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If you ever spot a gleaming, silver tractor trailer with the words “Remote Recording Services” discreetly emblazoned on its side, you can safely guess that it's heading toward a major production. It might be the Academy Awards telecast, a David Bowie concert or an all-star event on the scale of Live Aid or the Rock and Roll Hall of Fame induction.

Founded in 1979 by president and chief engineer David Hewitt, Remote Re-cording has been a fixture on the road for more than two decades, its flagship “Silver Studio” helping to make musical history by recording and broadcasting performances across a wide spectrum of styles, from heavy metal (Ozzy Osbourne) to Broadway (The Lion King) to classical (the Berlin Philharmonic).

If there is a constant in the company's dizzyingly diverse credit list, then it is the star quality of the performers who consistently call upon Hewitt and his team. At a time when every industry is being pinched by shrinking budgets and downsizing of equipment and facilities, Hewitt proudly hauls his gargantuan rig all over the country. His clients, he says, appreciate the large truck's size and comfort. Neither they nor Hewitt would have it any other way.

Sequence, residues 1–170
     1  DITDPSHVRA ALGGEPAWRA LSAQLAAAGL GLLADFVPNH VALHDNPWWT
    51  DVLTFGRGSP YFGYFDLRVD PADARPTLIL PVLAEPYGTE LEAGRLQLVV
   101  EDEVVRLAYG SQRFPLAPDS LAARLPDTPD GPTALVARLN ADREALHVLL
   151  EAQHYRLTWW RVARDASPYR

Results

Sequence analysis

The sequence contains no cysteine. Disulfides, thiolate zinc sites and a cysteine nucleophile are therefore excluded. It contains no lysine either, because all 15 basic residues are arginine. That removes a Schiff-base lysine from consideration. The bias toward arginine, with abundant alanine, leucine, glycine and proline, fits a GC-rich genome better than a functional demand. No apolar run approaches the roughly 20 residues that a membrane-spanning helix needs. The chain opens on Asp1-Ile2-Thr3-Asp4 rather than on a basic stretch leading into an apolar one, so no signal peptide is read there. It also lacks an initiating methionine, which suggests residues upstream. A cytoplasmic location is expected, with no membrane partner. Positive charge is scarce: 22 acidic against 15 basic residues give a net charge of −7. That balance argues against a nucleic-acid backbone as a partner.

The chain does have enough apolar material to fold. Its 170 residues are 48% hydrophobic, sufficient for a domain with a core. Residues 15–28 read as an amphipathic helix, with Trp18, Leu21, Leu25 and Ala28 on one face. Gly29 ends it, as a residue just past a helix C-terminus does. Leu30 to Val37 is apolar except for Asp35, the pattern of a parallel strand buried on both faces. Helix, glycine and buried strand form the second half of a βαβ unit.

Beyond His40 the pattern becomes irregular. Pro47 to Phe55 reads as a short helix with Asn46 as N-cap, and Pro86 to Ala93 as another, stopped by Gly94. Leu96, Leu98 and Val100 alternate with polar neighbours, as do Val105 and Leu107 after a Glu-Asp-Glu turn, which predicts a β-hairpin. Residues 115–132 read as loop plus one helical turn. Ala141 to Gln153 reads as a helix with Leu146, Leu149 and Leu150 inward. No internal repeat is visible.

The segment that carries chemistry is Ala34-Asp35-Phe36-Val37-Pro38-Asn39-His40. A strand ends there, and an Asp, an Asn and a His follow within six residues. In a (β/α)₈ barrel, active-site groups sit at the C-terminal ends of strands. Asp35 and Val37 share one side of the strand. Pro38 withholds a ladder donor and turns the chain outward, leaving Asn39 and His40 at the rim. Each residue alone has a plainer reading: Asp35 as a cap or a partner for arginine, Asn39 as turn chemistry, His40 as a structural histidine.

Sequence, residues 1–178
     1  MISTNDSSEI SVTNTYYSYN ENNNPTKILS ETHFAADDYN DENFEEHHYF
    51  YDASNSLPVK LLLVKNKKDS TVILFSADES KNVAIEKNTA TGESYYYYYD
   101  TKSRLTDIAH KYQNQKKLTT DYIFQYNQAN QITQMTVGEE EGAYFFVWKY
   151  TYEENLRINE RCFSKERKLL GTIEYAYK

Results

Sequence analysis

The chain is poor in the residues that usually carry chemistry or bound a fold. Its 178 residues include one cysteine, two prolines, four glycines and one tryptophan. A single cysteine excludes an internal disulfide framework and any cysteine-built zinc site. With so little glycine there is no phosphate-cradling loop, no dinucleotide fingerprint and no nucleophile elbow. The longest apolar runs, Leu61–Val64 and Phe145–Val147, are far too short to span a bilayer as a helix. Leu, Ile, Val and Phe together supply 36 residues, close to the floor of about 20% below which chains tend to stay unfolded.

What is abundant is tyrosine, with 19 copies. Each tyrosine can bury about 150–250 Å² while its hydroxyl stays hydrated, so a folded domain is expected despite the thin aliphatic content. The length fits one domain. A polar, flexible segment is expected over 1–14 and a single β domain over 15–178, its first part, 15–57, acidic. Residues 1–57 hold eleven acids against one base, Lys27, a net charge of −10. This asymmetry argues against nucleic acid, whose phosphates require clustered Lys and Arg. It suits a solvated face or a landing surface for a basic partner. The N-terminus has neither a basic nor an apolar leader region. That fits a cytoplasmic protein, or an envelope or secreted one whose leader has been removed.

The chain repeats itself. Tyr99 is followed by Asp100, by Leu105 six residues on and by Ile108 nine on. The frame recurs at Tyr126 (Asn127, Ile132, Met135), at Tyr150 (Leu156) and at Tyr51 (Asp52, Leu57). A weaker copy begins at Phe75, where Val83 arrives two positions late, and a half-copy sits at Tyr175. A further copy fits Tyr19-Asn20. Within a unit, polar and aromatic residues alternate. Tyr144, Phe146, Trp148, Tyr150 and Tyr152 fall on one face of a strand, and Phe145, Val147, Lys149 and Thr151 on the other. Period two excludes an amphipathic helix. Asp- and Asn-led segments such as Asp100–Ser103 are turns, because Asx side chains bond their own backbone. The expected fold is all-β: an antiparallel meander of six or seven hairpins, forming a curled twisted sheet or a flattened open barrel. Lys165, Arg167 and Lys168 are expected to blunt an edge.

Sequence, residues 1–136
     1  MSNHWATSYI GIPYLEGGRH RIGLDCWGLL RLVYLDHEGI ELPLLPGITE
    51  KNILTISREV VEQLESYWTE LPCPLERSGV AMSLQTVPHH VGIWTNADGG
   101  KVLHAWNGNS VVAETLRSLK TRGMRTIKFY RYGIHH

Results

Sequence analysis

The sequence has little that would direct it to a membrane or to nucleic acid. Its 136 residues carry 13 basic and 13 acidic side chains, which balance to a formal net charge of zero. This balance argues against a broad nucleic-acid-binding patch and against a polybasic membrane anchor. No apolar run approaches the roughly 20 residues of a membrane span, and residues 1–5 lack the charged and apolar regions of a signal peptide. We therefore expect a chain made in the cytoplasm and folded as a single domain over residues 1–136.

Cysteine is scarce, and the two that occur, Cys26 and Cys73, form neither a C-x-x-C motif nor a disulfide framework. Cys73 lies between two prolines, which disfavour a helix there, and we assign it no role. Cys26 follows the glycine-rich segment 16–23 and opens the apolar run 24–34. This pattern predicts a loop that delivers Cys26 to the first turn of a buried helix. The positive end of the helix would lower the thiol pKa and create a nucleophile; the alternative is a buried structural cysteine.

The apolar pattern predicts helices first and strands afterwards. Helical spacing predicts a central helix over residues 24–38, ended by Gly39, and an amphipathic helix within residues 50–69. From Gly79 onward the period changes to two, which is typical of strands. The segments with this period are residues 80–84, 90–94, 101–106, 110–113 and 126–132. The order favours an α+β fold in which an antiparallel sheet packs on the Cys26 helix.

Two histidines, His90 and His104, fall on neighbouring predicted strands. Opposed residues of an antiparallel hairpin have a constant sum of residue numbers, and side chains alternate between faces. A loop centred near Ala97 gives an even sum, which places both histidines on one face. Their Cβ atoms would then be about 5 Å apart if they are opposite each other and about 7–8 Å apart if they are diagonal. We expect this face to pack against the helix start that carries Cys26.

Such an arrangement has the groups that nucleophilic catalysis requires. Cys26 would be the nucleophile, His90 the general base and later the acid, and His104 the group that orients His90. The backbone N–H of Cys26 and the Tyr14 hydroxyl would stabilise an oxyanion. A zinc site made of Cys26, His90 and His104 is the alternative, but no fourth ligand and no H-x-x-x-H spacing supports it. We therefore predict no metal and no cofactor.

“In the upper-end of the field, I sometimes feel like we're in the real estate business,” Hewitt says. “A big chunk of what we're hired for is having the large studio, the acoustic environment and the isolated environment, not to mention the crew and the equipment. For these serious bands, where there's just no contest, they don't want the package arriving in a roadcase. They want a place where they can sit down and be comfortable in an environment like what they're used to.”